For nearly two decades now, Kirk Franklin has been a multi-platinum-selling purveyor of majestic fusions of gospel and contemporary music, and a mirror of Christian humanity boldly reflecting what one faith walking man can accomplish when he focuses on God and taps deep into the gifts He gives. Franklin is a pioneer in gap-bridging musicianship, uniting audiences across gospel, hip hop, pop and R&B. His irresistible rhythms and rhapsodies have resulted in albums that consistently top both Billboard’s Gospel and Christian charts, as well as ascend triumphantly into the Top 10 of the R&B/Hip Hop chart. His unprecedented penetration into the mainstream has fortified him to also become a New York Times bestseller author for The Blueprint: A Plan for Living Above Life’s Storms (Gotham/Penguin). Franklin is also the host and executive producer of the gospel talent show “Sunday Best,” the highest-rated gospel program in BET network history now heading into its fourth season. To date, the musical trendsetter has garnered nine GRAMMY® Awards; an American Music Award; 39 Stellar Awards (gospel); 16 Dove Awards (CCM); eight NAACP Image Awards; two BET Music Awards, a Soul Train Award and numerous others.
And yet, with all of his success and acclaim – his overflow of awards and accolades – Kirk Franklin remains, at heart, a man who comes from shaky circumstances that could have paralyzed his spiritual growth within his humble familial beginnings. He is never far from that frightened and forlorn young man who didn’t always know which way to turn, which is what makes Franklin one of the most relatable and respected messengers in his field. It is in that humble spirit that he presents his timely 12th album, Hello Fear, (in stores March 22, 2011, on FoYo Soul Entertainment/Verity Records).
Hello Fear (produced by Kirk Franklin with incomparable longtime friend and co-producer Shaun Martin) is a 15-song stylistic tour de force that Franklin is delivering to a society reeling from toxic levels of unprecedented pain. It is a time of seasonal natural disasters, global financial distress and American mortgage collapse.
It is a time of international civil uprising and community educational system failings and domestic violence has escalated into the most horrific incidents of parental manslaughter ever to splatter across the evening news. Franklin recognizes these soul-trying times as “moments” to seek God and go inward to excise the cancer of trepidation. “As a kid,” Kirk witnesses, “I struggled with always feeling as if I was living under a cloud of fear. I was often displaced by my family and never feeling settled…always harboring a sense of uncertainty. This album is my emancipation proclamation.”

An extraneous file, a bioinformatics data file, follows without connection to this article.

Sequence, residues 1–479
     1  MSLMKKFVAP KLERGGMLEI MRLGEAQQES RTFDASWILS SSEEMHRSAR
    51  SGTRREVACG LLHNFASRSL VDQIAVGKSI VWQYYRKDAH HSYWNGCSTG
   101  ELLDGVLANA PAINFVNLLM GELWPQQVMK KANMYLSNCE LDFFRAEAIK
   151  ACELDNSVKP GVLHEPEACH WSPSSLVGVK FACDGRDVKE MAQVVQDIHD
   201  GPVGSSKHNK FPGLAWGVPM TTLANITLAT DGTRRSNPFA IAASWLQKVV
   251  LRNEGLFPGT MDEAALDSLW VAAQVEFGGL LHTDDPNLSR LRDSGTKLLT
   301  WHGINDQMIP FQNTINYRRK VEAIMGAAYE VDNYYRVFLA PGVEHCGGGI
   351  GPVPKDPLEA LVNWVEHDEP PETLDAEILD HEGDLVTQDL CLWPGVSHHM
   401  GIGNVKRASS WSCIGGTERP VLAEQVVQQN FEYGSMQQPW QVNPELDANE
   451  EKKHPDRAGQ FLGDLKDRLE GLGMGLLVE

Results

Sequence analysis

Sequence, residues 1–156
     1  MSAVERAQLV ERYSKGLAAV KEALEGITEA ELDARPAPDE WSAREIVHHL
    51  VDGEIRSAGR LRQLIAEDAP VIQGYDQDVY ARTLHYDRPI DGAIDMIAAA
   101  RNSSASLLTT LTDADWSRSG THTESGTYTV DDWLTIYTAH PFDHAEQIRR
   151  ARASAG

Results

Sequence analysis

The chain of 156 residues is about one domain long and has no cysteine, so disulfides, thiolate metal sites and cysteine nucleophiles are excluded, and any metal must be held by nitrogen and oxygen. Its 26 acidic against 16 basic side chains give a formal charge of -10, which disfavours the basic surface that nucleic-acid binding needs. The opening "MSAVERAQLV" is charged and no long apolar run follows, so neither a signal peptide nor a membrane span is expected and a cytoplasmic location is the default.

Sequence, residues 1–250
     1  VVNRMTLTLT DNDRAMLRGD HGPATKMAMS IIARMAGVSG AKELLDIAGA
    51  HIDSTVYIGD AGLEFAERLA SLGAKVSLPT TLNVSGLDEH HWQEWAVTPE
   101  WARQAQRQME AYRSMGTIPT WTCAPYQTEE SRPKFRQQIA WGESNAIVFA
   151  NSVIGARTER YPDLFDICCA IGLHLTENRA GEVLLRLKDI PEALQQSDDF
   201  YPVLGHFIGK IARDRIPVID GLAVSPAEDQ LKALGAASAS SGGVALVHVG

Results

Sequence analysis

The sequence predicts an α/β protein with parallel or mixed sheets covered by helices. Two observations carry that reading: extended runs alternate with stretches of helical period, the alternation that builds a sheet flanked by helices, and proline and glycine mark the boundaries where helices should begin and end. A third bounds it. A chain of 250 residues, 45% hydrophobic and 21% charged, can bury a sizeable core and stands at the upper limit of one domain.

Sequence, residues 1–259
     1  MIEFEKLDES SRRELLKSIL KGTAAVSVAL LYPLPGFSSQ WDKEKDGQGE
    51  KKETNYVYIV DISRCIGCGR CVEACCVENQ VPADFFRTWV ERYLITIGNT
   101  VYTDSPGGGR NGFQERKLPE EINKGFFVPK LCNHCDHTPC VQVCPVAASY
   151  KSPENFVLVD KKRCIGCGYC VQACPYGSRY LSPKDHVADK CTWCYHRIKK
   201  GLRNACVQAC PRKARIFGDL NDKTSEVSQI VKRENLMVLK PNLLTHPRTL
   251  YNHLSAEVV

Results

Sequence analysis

The title track, “Hello Fear,” is a brilliant confessional composition that opens with the intimate scenario of a man so joined with fear it is as if he has embraced it in his heart. However, Franklin is having a heart-to-heart with pain this blessed day, invoking a dismissal of life-altering proportions the moment he decides to start his morning with the words “Hello Grace.” The second half of the chorus definitively pins fear to the mat to declare, “Never again will I trust you/I’m tired of fighting it’s been way too long/ No longer your prisoner—today I remember/ Who I was then now is gone (they’re gone).” It represents a long road taken to reach this divine arrival yet a hard-earned liberation that Franklin believes is possible for every hurting soul on the planet because it came to him from a very personal place.
“One day I was in the middle of a very bad situation,” he shares. “I was walking through the front of my house with this problem weighing heavy on my spirit when God literally just dropped the first lines of this song, along with a melody, on my heart. I sat down at the piano and out came, ‘Hello fear/Before you sit down there’s something I’d like to explain.’ That’s all I had for a couple of months. What’s funny, though, is that from just that idea, I knew I wanted to call my next album Hello Fear.”
In Kirk Franklin’s singular manifestation of music ministry, the album unfolds from that epic and penetrating prelude into a deliciously eclectic buffet of pieces that moves from the rope-a-dope cadences of the spoken word piece “The Story of Fear” to the angelic vocalizations of The Texas Boys Choir on the Heavenly interlude “Never Alone;” from the infectious D.C. Go-Go groove of “Before I Die” to the heartwarming, cello-kissed missive of blessed reassurance “But the Blood.” From the “Glee” like energy of “Today,” to the bouncy feel-good soul minuet “No God Like You,” all the way to the purifying and unifying “Everybody Hurts.” The fourth verse of the latter states, “Everyone hurts – but not for long / That weight you bare – will make you strong / Your guilty stains – can be erased / The final price – paid by His life – Amazing Grace